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Turkey Calling Show Nov 26, 2014 This show is presented like an old-time live radio broadcast with performances by The Teeny-Tiny Pit Orchestra and hosted by sound effects expert Scott Paulson.  45 other events on Wednesday, November 26
 
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New indie film starring Shailene Woodley tops our coverage of movies screening around town
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New Christopher Nolan epic leads our rundown of movies screening around town
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First production by the latest troupe to launch in San Diego leads our rundown of local plays
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Home / Articles / Arts / Film /  Fathers and sons collide in David Gordon Green’s killer ‘Joe’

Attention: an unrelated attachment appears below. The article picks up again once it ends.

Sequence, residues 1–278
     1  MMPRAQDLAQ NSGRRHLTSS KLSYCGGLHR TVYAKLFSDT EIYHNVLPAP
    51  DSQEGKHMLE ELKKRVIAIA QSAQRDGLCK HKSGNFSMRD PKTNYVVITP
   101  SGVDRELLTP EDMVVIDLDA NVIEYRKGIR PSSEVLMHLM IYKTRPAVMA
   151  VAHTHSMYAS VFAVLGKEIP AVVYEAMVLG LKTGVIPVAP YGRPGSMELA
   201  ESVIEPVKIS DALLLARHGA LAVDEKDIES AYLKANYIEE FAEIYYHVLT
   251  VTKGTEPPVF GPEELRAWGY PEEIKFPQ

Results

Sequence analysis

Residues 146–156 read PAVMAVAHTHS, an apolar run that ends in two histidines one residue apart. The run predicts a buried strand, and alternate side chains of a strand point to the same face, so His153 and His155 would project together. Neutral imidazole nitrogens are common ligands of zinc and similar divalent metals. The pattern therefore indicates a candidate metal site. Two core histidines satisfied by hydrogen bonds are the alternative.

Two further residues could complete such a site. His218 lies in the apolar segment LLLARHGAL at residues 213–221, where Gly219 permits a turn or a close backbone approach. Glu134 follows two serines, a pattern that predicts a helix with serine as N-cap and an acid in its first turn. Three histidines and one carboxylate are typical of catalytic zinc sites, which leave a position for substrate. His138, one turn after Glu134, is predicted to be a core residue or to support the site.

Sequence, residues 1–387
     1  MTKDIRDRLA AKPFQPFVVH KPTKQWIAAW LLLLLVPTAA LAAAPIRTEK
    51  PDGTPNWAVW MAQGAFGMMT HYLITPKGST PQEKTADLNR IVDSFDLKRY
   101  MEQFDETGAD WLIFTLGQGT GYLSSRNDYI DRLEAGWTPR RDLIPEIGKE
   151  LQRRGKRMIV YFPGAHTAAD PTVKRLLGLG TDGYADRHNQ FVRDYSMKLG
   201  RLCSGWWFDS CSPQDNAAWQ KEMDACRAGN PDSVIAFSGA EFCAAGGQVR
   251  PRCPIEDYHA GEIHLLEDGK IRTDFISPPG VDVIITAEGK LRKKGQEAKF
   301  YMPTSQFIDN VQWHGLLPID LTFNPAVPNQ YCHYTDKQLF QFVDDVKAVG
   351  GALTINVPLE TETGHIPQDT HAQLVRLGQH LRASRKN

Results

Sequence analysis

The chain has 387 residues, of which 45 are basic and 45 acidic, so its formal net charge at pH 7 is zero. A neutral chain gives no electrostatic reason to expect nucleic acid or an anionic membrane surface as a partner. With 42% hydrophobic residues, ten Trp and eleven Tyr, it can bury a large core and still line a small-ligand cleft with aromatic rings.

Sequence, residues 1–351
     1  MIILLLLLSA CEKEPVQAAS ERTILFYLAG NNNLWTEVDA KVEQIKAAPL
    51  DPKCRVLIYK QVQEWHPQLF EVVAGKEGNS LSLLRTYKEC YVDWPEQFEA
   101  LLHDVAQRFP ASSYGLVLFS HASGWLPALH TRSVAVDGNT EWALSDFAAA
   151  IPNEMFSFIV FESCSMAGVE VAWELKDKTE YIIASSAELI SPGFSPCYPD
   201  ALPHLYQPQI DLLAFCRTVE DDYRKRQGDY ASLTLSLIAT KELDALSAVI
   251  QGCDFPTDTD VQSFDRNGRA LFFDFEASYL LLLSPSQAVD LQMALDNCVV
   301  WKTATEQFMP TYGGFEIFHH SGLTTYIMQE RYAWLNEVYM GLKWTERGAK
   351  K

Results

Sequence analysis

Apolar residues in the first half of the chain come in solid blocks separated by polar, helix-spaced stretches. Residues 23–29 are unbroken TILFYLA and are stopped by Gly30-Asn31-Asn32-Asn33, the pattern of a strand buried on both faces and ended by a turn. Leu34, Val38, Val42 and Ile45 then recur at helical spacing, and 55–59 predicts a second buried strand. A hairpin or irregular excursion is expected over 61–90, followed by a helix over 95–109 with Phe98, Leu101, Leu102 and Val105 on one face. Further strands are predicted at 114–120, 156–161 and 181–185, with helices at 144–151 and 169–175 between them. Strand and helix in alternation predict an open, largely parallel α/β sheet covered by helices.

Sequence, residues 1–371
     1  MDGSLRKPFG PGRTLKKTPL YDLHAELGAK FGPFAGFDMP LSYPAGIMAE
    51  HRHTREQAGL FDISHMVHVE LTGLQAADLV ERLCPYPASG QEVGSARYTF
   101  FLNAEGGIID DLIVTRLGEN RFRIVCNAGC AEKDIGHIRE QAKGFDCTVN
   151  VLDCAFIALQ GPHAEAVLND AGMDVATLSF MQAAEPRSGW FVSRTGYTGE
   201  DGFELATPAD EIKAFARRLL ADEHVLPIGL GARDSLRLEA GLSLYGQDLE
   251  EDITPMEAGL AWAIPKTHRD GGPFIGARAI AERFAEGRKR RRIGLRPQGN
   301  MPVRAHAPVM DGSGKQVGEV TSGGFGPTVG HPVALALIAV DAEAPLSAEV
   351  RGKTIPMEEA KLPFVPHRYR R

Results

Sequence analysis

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Wednesday, Apr 09, 2014

Fathers and sons collide in David Gordon Green’s killer ‘Joe’

New Nicolas Cage flick tops our coverage of movies screening around town

By Glenn Heath Jr.
film2 Joe

Deep in the heart of Texas, David Gordon Green's Joe immerses itself in the sweat and blood of backcountry living. Streaks of Faulkner and The Night of the Hunter color the straggly posture of this singular gothic tale about Joe (Nicholas Cage), a low-rent landscaper who offers a teenager named Gary (Tye Sheridan) and his drifter father Wade (Gary Poulter) a job poisoning trees. 

For a long time, there's very little  plot; instead, Green dedicates his time to exploring the cadence of language and the relationship between setting and character.